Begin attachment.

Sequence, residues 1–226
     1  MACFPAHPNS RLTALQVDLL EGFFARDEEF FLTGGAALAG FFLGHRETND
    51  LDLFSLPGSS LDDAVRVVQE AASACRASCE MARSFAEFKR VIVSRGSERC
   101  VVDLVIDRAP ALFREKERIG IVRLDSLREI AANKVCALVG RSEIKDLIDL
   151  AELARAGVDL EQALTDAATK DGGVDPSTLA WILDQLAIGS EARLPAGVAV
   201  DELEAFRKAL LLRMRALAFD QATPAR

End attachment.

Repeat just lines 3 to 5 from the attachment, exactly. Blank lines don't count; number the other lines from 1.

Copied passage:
    51  LDLFSLPGSS LDDAVRVVQE AASACRASCE MARSFAEFKR VIVSRGSERC
   101  VVDLVIDRAP ALFREKERIG IVRLDSLREI AANKVCALVG RSEIKDLIDL
   151  AELARAGVDL EQALTDAATK DGGVDPSTLA WILDQLAIGS EARLPAGVAV